FIG. 11 provides an example of a RCNN network to detect coronary plaque type and anatomical stenosis severity. The RCNN network architecture presented in FIG. 11 should be considered as an example, and other RCNN network architectures or variants can be deployed. The input of the network is a sequence of cubes (1101) extracted from the MPR image (1102), along the vessel (e.g., artery) centerline (1103). Each cube is analyzed by a three dimensional (3D) CNN (1104). The CNN includes three convolutional layers with kernels of 3×3×3 elements, with 32, 64, 128 filters, respectively as shown by 1105. Each convolutional layer is followed by a 2×2×2 max-pooling (MP) layer and batch normalization which accelerates the training (Loffe et al, “Batch normalization: Accelerating deep network training by reducing internal covariate shift”, in Proceedings of the 32nd International Conference on Machine Learning, 2015, pp. 448-456). The features extracted by the CNN are fed to the RNN (1106). The RNN includes 2 layers of 64 Gated Recurrent Units (GRUs) each (1107). Rectified linear units (ReLU) (Glorot et al, “Deep sparse rectifier neural networks”, International Conference on Artificial Intelligence and Statistics, 2011, pp. 315-323) are used in both CNN and RNN layers as activation functions, except for the output layer of the RNN. Other parameters can be used, for instance, but not limited to, different kernel sizes and numbers, different convolutions, different dilations, different pooling, different type of recurrent units as well as other RCNN architectures and activation functions. Furthermore, the input size of the CNN can be different as well of the use of a 4D input voxel data for instance to support multiphase CCTA datasets. The input image can be even a higher dimensional image, for instance n-dimensional to support multi-energy and/or multiphase CCTA dataset. To perform both classification tasks simultaneously (plaque type classification and anatomical lesions severity classification), for instance but not limited to, the output of the last layer of the RNN is fed into two separate multi-class softmax classifiers (1108). Also the output of other RNN layers or GRU units can be used. The first classifier has four output units for detection of plaque type and characterization of its type (no-plaque, non-calcified, mixed, calcified). The second classifier has three output units for detection of stenosis and determination of its anatomical significance (no-stenosis, non-significant stenosis, significant stenosis). The amount of output units of the softmax classifiers can be different as well, and will depend on the amount of classes within the CAD-related reference values. For instance, the anatomical lesion severity can be classified by x-grades, then the corresponding softmax classifier equals the same number (x) of output units. For example, five grades; grade 0 (no luminal narrowing), grade 1 (0-25% luminal narrowing), grade 2 (25-50% luminal narrowing), grade 3 (50-75% luminal narrowing) grade 4 (75-100% luminal narrowing).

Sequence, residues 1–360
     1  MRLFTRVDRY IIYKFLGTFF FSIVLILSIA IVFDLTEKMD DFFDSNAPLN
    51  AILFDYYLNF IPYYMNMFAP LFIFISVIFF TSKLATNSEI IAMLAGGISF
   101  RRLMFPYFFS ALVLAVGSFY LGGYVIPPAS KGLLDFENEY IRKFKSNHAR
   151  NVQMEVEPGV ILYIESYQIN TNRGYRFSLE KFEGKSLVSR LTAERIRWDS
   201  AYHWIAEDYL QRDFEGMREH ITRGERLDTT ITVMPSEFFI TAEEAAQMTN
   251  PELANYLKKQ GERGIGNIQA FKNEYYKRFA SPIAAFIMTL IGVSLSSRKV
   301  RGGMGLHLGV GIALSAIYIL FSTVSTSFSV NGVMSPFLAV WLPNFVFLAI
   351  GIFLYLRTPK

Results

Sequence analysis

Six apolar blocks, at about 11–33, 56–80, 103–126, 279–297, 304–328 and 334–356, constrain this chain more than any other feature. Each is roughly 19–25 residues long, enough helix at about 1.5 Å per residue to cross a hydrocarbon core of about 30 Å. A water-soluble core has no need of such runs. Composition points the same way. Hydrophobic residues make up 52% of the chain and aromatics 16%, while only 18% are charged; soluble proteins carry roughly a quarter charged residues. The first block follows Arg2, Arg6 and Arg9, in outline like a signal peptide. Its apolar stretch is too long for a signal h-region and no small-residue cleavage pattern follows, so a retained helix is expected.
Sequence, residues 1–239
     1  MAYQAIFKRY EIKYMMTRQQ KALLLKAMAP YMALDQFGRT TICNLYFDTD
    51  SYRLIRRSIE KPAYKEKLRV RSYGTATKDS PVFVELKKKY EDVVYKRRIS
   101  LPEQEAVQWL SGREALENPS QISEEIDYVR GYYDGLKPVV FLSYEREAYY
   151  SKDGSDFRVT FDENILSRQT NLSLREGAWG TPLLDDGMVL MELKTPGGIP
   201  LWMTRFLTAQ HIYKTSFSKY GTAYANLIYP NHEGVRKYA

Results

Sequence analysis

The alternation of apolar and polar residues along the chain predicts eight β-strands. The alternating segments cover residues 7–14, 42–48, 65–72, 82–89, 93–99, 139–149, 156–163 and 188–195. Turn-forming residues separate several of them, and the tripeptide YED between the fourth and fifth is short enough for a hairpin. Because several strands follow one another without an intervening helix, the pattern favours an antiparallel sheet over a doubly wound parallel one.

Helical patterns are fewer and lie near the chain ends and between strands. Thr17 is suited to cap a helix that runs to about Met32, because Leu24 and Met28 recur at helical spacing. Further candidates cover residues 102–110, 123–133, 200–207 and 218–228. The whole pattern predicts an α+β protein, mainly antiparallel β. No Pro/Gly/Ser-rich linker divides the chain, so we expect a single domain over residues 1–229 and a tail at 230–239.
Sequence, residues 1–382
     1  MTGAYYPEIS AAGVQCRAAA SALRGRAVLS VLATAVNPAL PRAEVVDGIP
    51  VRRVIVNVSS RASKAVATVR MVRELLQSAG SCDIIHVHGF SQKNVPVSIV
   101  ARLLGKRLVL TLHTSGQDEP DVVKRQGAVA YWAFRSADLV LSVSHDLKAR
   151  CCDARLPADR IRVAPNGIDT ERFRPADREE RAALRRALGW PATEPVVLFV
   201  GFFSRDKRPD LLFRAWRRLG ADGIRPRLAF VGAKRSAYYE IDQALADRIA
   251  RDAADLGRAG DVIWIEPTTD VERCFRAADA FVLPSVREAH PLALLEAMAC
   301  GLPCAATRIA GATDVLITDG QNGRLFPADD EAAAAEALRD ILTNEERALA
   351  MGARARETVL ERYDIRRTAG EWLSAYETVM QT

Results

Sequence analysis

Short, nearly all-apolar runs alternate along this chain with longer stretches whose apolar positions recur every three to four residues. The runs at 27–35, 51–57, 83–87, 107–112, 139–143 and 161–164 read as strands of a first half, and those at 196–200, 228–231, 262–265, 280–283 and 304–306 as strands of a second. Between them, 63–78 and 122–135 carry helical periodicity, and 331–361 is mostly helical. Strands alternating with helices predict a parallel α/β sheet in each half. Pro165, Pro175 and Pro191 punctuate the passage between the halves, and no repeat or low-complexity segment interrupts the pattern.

The RCNN network of FIG. 11 is trained in a supervised manner with mini-batches and the categorical cross-entropy was used as loss function of each softmax classifier and a L2 regularization was used for all layers in the network. An L2 regularization is also known as least squares error regularization. It is basically minimizing the sum of the square of the differences between the target values and the estimated values. The loss of the RCNN was defined as the average of the two individual losses (cross-entropy and L2). The described loss function is an example, other loss functions can be used as for instance mean square error, L1 regularization, mean bias error, mean percentage error. Each mini-batch include of p amount of sequences of cubes (as a result from step 708). Typically p is around 36 sequences of cubes, but lower or higher number of p can be used. To avoid potential bias towards the most common type of plaque and stenosis in the augmented data, a stratified random data sampling was performed during the training as an optional step. This optional step insures that each training iteration includes two distinct but balanced mini-batches. One mini-batch contained sections balanced with respect to their plaque classes regardless of the stenosis significance. A second mini-batch containing sections balanced with respect to the stenosis classes regardless of the plaque type. In case the MPR image is constructed as a curved MPR instead of a straight MPR, as described by step 203 of FIG. 2, the RCNN network will also take the curvature or tortuosity of the extracted centerline into account.